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Version: ZIO 2.x

Tutorial: How to Run Our First ZIO Project With VSCode?

ZIO is a type-safe library for building asynchronous and concurrent applications. The Scala compiler can catch a lot of errors at compile time since it is type-safe. This ensures that our code is mostly correct, and it prevents lots of bugs from creeping into the runtime. So having a type-safe editor that highlights errors will improve our development experience. VSCode with the power of the Metals extension provides us with a type-safe editor for writing Scala programs.

In this tutorial, we will walk through how to run our first ZIO project with VSCode. We will start by creating a new project and then importing that into the VSCode workspace.

Requirements

In this article, we assume that we have already downloaded and installed the following tools:

Creating a new ZIO project

  1. First, we need to create a new directory where we should put our project files:
mkdir my-zio-project
cd my-zio-project
  1. Next, we need to create a new build.sbt file:
touch build.sbt

Inside this file, let's add the following lines which include the version of Scala language, the name of our project, and the dependencies we want to use:

scalaVersion := "2.13.10"
name := "my-zio-project"
version := "0.0.1"

libraryDependencies ++= Seq(
"zio" %% "zio" % "2.0.0-RC6"
)
  1. Also, we need to specify the SBT version we want to use in the project/build.properties file:
mkdir project
touch project/build.properties

Now, let's add the following lines to the project/build.properties file:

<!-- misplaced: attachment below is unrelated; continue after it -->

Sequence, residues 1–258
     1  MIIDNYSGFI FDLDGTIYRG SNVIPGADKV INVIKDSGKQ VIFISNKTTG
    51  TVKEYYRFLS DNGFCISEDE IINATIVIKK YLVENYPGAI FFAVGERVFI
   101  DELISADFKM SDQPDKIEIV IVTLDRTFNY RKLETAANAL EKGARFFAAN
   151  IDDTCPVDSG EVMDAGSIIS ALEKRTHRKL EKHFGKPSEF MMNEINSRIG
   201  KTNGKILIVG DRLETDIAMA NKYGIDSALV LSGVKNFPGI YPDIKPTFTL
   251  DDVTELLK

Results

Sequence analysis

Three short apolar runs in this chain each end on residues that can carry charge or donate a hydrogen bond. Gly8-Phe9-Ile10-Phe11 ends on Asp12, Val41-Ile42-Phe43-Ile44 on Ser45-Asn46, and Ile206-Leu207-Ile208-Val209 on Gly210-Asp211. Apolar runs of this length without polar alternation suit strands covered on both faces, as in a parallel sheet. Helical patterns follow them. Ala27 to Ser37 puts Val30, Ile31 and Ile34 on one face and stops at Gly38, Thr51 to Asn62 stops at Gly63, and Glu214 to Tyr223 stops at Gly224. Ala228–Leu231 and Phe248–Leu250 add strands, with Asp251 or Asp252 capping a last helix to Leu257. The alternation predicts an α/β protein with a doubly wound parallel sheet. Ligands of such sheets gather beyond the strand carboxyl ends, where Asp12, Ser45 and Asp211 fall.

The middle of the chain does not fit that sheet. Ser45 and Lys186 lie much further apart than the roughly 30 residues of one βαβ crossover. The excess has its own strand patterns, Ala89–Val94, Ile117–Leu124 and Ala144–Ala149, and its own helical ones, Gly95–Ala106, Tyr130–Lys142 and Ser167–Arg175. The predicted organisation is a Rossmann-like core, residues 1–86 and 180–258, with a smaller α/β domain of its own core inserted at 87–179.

sbt.version = 1.6.2
  1. We are ready to open our project in VsCode. We can do this by opening the my-zio-project directory from the File > Open Folder menu.

  2. When we open a project that has a build.sbt file, the Metals extension will automatically detect the project and prompt us with the following message:

VSCode

  1. By clicking on the Import Build button, the Metals will try to download the dependencies from the build.sbt file and then import the whole project into the workspace.

  2. After that, we are ready to write our first ZIO program by creating a new file called MainApp.scala inside the src/main/scala directory:

$ mkdir src/main/scala
$ touch src/main/scala/MainApp.scala

Let's add the following lines to our MainApp.scala file:

import zio._

object MainApp extends ZIOAppDefault {
def run =
for {
name <- Console.readLine("What is your name? ")
_ <- Console.printLine(s"Hello, $name!")
} yield ()
}

Now, we can run our program by clicking on the run button above the MainApp object.

After we have imported our project using Metals, the editor can highlight syntax errors, type-check our code, and run the program. Additionally, it provides code completion that helps us choose the right method. Another handy feature is the ability to jump to the definition of methods and classes just by _Ctrl + Click_ing on them.

Diagnosing the Build

Sometime, the build may fail. To diagnose the build, the first place to look is the Metals output, which can be found in the Output Window in the VSCode. The output window can be opened by typing Toggle Output in the command palette (Ctrl + Shift + P).

The Metals also provide a build diagnostics panel called Metals Doctor which can be opened by typing Metals: Run doctor in the command palette. This command will show us the status of the build and if there are any errors, it will guide us on how to fix them.

Conclusion

In this tutorial, we have learned how to run a ZIO project with VSCode using the Metals extension. VSCode along with the Metals extension provide lots of handy features that improve the productivity of developers. To learn more about this, we recommend reading the Metals documentation for VSCode editor.